DANA CRASH: Tears, sorrow at candle light service for victims 4 years ago 1

At 3:42pm yesterday, hundreds of mourners at the Muri Okunola Park, Victoria Island, Lagos, observed a minute silence in honour of the 153 victims of  the Dana Air plane crash.

It marked a fortnight since the  crash. Their message was: 3:42pm of Sunday,  June 3, 2012 must not be forgotten. 

The mourners, who are families of the victims and well-wishers, lit  153 candles . And as the names of each of the victims were read at the candle light service organised by  Safe Excellent Efficient Developed and Secure (SEEDS), the audience chorused “Rest in Peace”.

The event, said the organisers, was also to show solidarity with the displaced residents of Iju-Ishaga, where flight 9J-992 crashed.

A director in Dana Air, Guatamani Hathiramani and its Communications Manager, Mr. Tony Usidamen, attended the service.

An Islamic cleric from the Ansar-Ud-Deen Society of Nigeria, Zakariya Thani, said the incident has united Nigerians in grief.

Thani said: “We know that it is God who has the power to allow any issue to either come to pass or not. As such, this sad incident has awakened us all to sad realities that have become the bane of our nation in ways beyond our imaginations.

“We have now come together to call on God to dry our tears and console us all and as well soothe the nerves of the affected families, grant eternal rest to all the departed and never allow any such occurrence to befall our beloved nation, Nigeria, again.

Thani urged the Federal Government to thoroughly investigate the cause of the disaster He said: “Any failure on the part of the government to do what is right in this sensitive period will further compound Nigeria’s already confused status.”

In his sermon, Pastor Ituah Ighodalo of the Trinity House, said: “The flight victims could have been any of us. Indeed, my wife could have fallen victim had she accepted an assignment she was invited to come and do in Abuja and return that same day; probably, with the same flight. So, the victims of the plane crash had inadvertently become ‘super stars’ as they have now paid the supreme price.

“The 153 or thereabout victims have further exposed the corruption, bad governance, sins in high places, bloodshed at various levels, failures of leadership, misgiving and all the bad things our country has been subjected to for many years. Their deaths bring to fore the ills in our country; but obviously, God will use this incident to turn things around for good once and for all in our nation.”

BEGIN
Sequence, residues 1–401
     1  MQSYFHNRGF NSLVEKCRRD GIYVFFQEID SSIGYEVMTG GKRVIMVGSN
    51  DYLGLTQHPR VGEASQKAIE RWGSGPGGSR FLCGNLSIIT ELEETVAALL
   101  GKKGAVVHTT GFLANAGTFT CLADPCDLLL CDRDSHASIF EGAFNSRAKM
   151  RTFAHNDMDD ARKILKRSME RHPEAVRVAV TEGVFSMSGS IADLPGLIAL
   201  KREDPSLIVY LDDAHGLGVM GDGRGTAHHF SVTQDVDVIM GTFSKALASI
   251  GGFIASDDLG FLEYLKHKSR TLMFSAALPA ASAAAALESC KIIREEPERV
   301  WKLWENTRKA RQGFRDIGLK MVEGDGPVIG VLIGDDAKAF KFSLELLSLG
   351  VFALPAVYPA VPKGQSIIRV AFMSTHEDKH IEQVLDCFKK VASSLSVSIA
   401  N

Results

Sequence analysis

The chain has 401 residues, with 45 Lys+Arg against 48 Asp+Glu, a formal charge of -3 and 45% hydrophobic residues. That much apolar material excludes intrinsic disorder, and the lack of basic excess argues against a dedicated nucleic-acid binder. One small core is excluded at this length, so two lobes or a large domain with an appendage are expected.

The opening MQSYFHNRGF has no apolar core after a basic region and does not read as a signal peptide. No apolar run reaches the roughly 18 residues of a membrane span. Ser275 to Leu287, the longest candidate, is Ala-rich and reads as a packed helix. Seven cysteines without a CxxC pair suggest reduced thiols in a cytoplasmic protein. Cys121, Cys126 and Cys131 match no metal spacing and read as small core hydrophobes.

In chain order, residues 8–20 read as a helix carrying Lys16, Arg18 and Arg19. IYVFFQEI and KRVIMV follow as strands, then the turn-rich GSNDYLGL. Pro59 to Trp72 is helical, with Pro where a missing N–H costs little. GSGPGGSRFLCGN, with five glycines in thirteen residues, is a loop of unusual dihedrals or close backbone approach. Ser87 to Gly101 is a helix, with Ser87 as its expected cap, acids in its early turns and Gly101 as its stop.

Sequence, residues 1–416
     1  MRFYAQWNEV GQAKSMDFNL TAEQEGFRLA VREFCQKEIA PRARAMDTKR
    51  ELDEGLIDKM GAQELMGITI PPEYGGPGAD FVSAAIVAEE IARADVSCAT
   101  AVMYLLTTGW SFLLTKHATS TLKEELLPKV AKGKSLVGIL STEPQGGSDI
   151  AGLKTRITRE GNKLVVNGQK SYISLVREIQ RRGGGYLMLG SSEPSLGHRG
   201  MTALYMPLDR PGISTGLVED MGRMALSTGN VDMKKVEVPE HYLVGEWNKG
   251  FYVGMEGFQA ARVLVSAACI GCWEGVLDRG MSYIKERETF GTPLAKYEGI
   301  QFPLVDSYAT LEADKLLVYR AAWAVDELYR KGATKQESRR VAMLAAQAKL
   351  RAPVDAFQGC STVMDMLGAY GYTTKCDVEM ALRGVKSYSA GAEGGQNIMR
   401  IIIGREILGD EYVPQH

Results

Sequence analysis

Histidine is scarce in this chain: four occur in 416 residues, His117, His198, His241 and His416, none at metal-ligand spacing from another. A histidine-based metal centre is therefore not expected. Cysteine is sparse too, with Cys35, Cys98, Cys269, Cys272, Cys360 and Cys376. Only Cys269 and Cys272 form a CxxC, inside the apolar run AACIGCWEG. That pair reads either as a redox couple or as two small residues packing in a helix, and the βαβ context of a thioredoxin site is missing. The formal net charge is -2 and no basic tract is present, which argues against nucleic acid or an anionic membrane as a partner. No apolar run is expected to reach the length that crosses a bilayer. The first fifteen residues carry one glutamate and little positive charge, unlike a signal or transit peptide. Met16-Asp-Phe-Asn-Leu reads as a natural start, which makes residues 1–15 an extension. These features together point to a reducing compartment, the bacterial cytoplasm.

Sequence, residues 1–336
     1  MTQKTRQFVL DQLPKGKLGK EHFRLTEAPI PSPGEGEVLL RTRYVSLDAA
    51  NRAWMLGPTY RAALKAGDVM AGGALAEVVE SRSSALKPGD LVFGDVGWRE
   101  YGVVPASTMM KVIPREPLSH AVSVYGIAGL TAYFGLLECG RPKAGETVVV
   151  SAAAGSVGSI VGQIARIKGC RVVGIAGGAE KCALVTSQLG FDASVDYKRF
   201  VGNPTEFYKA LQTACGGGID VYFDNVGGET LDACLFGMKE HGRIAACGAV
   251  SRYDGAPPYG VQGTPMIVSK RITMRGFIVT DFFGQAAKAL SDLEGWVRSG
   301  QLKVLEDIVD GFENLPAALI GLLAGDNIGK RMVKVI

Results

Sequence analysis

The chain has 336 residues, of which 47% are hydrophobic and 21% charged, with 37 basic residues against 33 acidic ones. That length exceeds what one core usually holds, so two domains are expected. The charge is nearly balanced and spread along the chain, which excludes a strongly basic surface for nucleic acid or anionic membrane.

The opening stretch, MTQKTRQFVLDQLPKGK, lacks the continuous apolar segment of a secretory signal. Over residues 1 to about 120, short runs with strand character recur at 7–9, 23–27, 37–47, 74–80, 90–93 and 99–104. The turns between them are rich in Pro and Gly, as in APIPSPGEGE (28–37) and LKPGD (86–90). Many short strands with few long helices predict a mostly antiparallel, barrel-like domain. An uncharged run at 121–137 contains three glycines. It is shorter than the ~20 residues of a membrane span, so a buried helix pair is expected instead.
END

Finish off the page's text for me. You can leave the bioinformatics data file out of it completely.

While praying for the families of the victims, Ighodalo urged them to take heart as God was with the victims at the time the incident happened. 

He said: “And it is not out of God’s power to avert the crash if that was His wish. So, whether we are alive is not what matters to God. What matters to Him is the way we all live good lives while we are here…”

Mrs. Adeola Johnson, who lost a relative to the crash, said:  "I’m not sure we have ever learnt any lesson from happenings in this country and this is why things seem to be getting worse. Therefore, all Nigerians must use this crash as a rallying point to demand good governance."

Nollywood actress Kate Henshaw said the only way to show true empathy to the bereaved families was for the airlines to put their aircraft in order and ensure that the country will never witness any air crash again. 

SEEDS’Project Coordinator,  Ms. Iretiola Bakare, told The Nation that the service was its own Corporate Social Responsibility (CSR). 

Ms. Bakare said: “We also saw the need to bring succour to the displaced families of Iju-Ishaga . We suddenly realised the urgency of getting this done because it was not the fault of the people to find themselves homeless for no fault of theirs. 

“Already, we have accommodated about fifteen of the displaced people in a home we got in Ogba, Lagos.  We have distributed to them clothing and other useful items we were able to garner from concerned Nigerians and even some from other African countries, which shared the grief with us since the last two weeks. 

“We are taking these things one step at a time so that while we are dealing with the people, we are able to identify with their pains and address issues towards getting their hearts healed.” Home Page

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